Generating short-term income using covered-calls
A widely adopted strategy by investors looking for short-term income is to write covered calls. Investors adopting a covered call strategy write calls while holding a long position in the stock. If you think that over the long run the stock price will continue to appreciate because it has strong fundamentals but that in the short run the price will depreciate, then by writing (selling) covered call options you can benefit from both scenarios.
Recall that options, as explained in our introductory article on stock options, is a contract between two parties that gives the option holder the right to buy or sell the underlying security from/to the option writer (the option seller) at a specified price (strike price) and within a defined timeframe.
Whereas the option holder is not obliged to exercise the option, the option seller is obliged to sell the stock shares (each option contract refers to 100 shares) at the given price if the buyer exercises the option. Because of the risk associated with such obligation, the option buyer pays a premium to the option seller. If the seller of the call option already owns the shares of the underlying stock he/she is writing a covered call. On the other hand, if the option writer does not already own the shares of the stock, it is known as a naked call which is very risky.
In order to have a better understanding of how writing covered calls work, let’s go through an example.
Writing covered calls example
Two years ago John purchased 100 shares of Company A for $5k ($50 per share). The stock is now trading at $75 per share and although John wants to continue to own the stock for the long term, he thinks that the share price will drop over the next month and decides to place a market order to sell one $79 March call option. The bid price for such call option is $5.00 (recall that when you insert market orders, as a seller you receive the bid price. Check out our post on how to read stock quotes for further information) so John receives $500 (because the bid price refers to 1 share and each option contract is of 100 shares). At the same time, Karen thinks that the share price of Company A is undervalued and that it will go up over the next month. As such, she decides to insert a market order to buy the same call option. The ask price for the same call option is $5.20 so she pays $520. The difference between the ask price and the bid price is known as the spread and it goes to the market maker.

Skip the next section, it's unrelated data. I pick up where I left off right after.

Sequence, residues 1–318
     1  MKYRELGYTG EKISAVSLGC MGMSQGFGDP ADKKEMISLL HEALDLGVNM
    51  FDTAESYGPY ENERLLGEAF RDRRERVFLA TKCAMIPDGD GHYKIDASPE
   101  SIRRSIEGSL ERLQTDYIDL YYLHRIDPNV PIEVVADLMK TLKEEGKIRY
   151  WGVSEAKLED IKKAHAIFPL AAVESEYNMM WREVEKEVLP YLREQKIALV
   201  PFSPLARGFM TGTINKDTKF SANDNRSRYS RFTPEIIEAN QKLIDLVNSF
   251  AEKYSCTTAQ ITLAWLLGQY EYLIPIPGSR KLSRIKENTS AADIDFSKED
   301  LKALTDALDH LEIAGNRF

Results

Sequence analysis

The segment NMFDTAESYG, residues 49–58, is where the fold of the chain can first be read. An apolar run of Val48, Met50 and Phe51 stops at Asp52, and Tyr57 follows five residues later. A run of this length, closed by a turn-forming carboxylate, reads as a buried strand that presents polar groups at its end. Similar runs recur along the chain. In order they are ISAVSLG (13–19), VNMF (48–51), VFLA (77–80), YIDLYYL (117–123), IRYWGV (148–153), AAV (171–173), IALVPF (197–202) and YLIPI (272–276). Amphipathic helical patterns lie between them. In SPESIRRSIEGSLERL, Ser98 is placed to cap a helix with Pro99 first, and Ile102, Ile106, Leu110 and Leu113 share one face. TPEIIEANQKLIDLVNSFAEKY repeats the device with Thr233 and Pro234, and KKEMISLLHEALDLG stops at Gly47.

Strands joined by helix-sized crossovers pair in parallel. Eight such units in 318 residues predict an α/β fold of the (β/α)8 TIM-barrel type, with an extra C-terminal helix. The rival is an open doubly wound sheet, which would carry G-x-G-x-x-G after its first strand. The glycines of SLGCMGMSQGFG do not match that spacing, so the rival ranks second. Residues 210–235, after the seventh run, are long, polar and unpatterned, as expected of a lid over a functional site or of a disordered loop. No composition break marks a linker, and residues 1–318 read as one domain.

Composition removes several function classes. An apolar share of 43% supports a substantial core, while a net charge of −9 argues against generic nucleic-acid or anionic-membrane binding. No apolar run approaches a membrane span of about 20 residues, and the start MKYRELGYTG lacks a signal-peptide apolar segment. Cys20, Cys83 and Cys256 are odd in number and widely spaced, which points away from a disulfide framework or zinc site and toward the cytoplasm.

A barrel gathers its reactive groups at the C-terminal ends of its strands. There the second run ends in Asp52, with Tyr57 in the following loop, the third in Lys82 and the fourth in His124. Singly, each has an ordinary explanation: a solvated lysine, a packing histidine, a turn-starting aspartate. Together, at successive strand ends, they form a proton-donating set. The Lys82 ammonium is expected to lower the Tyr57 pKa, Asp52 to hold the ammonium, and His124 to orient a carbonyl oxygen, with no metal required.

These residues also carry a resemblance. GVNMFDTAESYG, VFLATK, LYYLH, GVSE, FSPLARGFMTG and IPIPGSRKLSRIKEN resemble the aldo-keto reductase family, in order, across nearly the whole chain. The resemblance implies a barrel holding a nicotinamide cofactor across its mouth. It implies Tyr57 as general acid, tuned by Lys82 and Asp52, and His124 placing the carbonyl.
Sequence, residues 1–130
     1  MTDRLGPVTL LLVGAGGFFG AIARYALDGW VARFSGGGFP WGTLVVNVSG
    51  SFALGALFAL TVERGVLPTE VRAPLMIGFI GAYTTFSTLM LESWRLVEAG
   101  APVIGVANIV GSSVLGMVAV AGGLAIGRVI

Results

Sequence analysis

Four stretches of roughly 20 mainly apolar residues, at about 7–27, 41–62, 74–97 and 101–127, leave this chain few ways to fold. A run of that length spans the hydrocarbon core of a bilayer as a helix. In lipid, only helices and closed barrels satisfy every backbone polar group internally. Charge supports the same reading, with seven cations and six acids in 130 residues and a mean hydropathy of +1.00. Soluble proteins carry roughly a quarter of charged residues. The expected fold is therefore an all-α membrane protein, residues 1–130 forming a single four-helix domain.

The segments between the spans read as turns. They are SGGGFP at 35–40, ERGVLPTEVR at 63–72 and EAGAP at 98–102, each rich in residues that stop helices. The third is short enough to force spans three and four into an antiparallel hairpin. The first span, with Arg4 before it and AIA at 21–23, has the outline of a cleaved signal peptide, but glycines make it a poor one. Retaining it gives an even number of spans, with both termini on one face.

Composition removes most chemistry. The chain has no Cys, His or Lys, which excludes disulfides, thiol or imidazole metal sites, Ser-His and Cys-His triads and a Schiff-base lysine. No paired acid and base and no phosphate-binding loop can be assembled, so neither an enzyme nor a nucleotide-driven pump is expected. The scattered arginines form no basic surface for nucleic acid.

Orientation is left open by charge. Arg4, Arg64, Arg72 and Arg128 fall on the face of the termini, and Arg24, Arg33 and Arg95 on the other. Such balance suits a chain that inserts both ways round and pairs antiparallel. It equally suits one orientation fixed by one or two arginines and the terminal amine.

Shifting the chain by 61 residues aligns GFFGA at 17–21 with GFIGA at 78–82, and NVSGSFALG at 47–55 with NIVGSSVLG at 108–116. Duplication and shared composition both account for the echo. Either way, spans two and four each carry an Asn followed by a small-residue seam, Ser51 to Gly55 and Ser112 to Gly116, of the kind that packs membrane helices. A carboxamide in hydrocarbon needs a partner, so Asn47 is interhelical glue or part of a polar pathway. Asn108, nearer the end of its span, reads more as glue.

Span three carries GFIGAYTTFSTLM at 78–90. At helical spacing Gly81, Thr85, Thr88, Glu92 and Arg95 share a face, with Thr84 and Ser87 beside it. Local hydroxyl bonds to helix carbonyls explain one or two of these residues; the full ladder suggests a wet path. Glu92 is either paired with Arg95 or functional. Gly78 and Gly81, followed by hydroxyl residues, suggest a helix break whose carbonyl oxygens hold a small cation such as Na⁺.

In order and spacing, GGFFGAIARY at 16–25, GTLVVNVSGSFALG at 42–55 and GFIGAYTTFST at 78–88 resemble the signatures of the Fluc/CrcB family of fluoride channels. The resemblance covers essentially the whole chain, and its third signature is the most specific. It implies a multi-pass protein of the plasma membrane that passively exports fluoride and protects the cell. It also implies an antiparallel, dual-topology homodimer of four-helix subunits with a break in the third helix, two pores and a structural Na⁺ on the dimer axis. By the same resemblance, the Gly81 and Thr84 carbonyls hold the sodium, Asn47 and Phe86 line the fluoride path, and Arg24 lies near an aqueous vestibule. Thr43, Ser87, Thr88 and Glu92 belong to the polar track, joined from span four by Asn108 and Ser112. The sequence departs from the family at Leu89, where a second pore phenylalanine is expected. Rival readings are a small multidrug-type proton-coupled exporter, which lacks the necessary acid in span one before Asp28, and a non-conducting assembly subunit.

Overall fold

In the following scenario, Karen wants the share price to go above $79, while John wants the share price to stay below $79. If the share price remains at or below $79 until the call option expiration date (third Friday of March), the option expires worthless and Karen loses $520 while John makes a $500 profit. If instead the share price goes above $79, Karen would exercise the call option and John would be obliged to sell the 100 shares for $7900. Whether or not the option holder decides to exercise the option, the option seller keeps the premium.
Writing covered call outcomes
As you can see from the above example, writing covered calls can be a very profitable income-generating strategy. If the share price appreciates (above the strike price) you sell the shares for a capital gain. If the share price remains the same until the expiration date you profit from the premium, and if the share price drops below the strike price, the premium helps offset the loss. As a covered call option writer, you want the share price to stay just below the strike price, so that your potential gain in greater. If the share price drops significantly below the strike price, although you still get to keep the premium paid by the option buyer, it will not outweigh the loss of value of the shares (recall that if you are using such strategy it is because you still want to keep a long position in the stock).